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United States v. Nasser

March 23, 1962

UNITED STATES OF AMERICA, PLAINTIFF-APPELLEE,
v.
SKANDER NASSER, JR., DEFENDANT-APPELLANT.



Author: Hastings

Before HASTINGS, Chief Judge, and DUFFY and SWYGERT, Circuit Judges.

HASTINGS, Chief Judge.

Defendant was charged in a two-count indictment with violations of Title 18 U.S.C.A. § 1010.*fn1

Following a trial to the court, without the intervention of a jury, defendant was found guilty as charged on each count of the indictment. Judgment of conviction was entered thereon, and it was adjudged that defendant pay a fine in the sum of $1,000 on each count, together with the costs of the action. No sentence of imprisonment was imposed. This appeal followed.

The trial court denied defendant's motions to dismiss the indictment, for disclosure of evidence before the grand jury, for acquittal at the close of the Government's case and at the close of defendant's case and overruled defendant's objections to the admission of oral testimony relating to certain Government exhibits.

The errors relied on for reversal arise out of such adverse rulings.

Count I of the indictment charges:

"That on or about March 26, 1959 Skander Nasser, Jr., at Universal, State of Indiana, in the Terre Haute Division of the Southern District of Indiana, for the purpose of obtaining a home improvement loan for George K. Domieka on premises located in Universal, Indiana, from the Citizens Investment Company, Terre Haute, Indiana, and with the intent that said loan be offered to and accepted by the Federal Housing Administration for insurance, did unlawfully, knowingly and wilfully cause the said George K. Domieka to make a false statement, to wit: statement captioned 'Credit Application for Property Improvement Loan' dated March 26, 1959, in the amount of $3,500.00 to the Citizens Investment Company, Terre Haute, Indiana, which statement was false in that it showed that the loan proceeds would be used as 'siding, electric pump, room on house and bathroom,' whereas the said Skander Nasser, Jr. then and there well knew that said statement was false in that George K. Domieka had no intention of using the said loan proceeds solely for 'siding, electric pump, room on house and bathroom,' as aforesaid on the said premises."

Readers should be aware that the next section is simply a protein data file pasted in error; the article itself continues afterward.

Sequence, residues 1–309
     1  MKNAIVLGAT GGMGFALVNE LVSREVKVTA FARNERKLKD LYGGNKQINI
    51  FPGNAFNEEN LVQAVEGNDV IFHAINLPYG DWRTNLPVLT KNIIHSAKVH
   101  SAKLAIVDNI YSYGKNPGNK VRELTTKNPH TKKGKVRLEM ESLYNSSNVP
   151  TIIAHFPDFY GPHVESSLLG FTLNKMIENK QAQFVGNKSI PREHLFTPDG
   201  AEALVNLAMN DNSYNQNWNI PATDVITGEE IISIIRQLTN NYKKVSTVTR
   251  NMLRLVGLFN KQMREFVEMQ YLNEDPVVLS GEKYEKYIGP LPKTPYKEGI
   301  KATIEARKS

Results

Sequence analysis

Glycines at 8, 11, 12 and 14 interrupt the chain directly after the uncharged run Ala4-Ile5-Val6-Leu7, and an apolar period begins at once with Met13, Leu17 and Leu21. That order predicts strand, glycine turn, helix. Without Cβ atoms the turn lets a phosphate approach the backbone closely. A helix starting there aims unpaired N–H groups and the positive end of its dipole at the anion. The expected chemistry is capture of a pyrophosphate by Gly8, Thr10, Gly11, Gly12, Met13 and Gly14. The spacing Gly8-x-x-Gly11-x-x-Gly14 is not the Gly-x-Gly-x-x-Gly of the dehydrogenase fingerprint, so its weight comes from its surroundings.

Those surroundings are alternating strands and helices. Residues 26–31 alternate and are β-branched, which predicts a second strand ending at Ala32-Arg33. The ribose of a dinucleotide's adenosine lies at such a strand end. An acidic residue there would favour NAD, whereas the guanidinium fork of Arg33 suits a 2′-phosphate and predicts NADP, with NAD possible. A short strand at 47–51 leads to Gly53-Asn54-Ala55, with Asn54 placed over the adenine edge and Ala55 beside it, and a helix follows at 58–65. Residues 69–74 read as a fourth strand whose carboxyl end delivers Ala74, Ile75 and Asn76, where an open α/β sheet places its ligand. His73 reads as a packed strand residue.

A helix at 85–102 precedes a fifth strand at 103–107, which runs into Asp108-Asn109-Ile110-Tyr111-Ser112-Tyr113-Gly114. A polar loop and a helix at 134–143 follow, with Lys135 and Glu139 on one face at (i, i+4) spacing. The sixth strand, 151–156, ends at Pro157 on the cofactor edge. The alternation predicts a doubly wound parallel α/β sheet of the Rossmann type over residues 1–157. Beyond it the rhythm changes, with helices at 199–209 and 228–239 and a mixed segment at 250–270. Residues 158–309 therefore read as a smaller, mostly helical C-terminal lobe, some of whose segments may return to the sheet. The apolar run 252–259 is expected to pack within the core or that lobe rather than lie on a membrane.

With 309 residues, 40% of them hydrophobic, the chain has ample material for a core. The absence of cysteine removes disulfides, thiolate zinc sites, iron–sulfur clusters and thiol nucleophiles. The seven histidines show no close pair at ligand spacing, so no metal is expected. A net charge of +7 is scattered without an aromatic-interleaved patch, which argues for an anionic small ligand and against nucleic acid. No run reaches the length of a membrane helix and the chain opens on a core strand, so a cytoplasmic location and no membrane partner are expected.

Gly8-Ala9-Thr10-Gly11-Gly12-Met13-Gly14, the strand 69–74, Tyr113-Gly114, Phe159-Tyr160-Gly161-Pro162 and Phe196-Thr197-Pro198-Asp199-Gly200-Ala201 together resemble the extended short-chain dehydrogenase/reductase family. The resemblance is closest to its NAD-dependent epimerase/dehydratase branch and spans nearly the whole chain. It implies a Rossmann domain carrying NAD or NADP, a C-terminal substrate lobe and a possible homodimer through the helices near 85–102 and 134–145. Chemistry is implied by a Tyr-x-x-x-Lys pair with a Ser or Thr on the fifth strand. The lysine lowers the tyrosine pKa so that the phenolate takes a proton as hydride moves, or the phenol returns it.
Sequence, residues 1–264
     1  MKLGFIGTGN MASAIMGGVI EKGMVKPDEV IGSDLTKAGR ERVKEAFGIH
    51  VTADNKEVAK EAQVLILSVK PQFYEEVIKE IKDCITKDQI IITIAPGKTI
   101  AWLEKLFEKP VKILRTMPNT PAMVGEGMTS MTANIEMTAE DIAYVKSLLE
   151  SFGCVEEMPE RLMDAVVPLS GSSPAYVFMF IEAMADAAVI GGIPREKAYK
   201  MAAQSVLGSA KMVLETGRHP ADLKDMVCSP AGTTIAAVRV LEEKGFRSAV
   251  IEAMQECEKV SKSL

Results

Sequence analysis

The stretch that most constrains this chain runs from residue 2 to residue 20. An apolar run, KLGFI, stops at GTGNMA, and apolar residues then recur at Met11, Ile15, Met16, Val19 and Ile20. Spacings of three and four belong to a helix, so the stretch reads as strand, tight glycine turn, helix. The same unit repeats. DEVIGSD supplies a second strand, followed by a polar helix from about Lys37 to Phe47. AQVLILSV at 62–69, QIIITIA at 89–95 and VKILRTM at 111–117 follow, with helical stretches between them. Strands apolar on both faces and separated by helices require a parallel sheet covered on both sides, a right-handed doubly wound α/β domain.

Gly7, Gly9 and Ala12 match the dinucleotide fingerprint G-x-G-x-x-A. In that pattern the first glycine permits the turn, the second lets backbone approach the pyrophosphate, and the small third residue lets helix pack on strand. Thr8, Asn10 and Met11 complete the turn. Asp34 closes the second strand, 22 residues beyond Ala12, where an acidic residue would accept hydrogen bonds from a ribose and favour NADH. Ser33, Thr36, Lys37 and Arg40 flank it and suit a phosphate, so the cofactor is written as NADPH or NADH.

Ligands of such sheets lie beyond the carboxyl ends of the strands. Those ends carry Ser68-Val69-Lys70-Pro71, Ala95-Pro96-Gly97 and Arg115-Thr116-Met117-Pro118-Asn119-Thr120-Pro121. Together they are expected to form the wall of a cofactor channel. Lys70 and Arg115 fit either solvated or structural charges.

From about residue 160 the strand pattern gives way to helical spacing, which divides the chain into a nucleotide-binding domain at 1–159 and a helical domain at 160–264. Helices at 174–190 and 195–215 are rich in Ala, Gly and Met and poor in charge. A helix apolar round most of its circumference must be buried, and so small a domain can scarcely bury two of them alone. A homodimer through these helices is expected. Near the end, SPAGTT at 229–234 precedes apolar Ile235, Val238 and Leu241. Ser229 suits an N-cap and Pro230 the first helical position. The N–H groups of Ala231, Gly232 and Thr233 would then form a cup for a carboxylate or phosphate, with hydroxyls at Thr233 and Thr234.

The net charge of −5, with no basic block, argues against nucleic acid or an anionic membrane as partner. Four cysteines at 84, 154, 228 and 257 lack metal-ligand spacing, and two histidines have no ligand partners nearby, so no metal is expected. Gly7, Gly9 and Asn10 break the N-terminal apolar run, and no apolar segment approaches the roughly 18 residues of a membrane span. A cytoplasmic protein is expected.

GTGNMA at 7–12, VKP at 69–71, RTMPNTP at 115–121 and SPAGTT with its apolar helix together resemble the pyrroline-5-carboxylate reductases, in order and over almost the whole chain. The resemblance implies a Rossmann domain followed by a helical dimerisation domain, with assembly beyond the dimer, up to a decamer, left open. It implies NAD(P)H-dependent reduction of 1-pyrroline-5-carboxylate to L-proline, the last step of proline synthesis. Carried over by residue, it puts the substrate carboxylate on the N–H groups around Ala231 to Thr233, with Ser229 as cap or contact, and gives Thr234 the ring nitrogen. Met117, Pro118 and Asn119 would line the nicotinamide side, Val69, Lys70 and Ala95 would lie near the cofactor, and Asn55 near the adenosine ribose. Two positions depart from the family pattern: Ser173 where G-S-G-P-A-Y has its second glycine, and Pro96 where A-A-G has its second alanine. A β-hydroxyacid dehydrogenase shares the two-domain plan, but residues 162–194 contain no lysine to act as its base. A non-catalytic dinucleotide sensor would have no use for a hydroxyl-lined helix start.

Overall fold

Count II is in substance to the same effect setting out another such occurrence with different parties. Our determination of the sufficiency of Count I applies equally to Count II.

The charge that defendant "did unlawfully, knowingly and wilfully cause the said George K. Domieka to make a false statement" is sufficient to properly charge defendant as a principal under Title 18 U.S.C.A. § 2.*fn2 United States v. Inciso, 7 Cir., 292 F.2d 374, 375, 378 (1961).

The charge in Count I further recites that "whereas the said [defendant] then and there well knew that said statement was false in that George K. Domieka had no intention of using the said loan proceeds solely for 'siding, electric pump, room on house and bathroom,' as aforesaid on the said premises." (Emphasis added.) Defendant contends that the Government, by use of the word solely, "in effect created a new federal statutory offense" not within the purview of 18 U.S.C.A. § 1010. There is no merit in this argument.

A careful reading of the indictment demonstrates that the use of the word solely is to give emphasis to the falsity of the statements the defendant is charged with having caused to be made. The statements were false in that the proceeds of the loan were not to be used solely for the purposes set forth. The material part of the offense was the act of causing false statements to be made.

The indictment is "a plain, concise and definite written statement of the essential facts constituting the offense charged." Rule 7, Federal Rules of Criminal Procedure, Title 18 U.S.C.A. It contains the elements of the offense intended to be charged and sufficiently apprises the defendant of what he must be prepared to meet and is adequate, should other similar proceedings be brought against him, to enable him to frame a plea of former jeopardy. United States v. Debrow, 346 U.S. 374, 376, 74 S. Ct. 113, 98 L. Ed. 92 (1953). It fully meets the standards of sufficiency laid down by the courts in a long line of decisions. See United States v. Inciso, supra, 292 F.2d at 378, and cases cited therein. We hold that the trial court did not err in denying defendant's motion to dismiss the indictment.

For the same reasons, we reject defendant's contention that his conviction on the indictment as drawn was a denial of due process under the Fifth Amendment. His reliance on United States v. Amadio, 348 U.S. 892, 75 S. Ct. 218, 99 L. Ed. 701 (1954), reversing per ...


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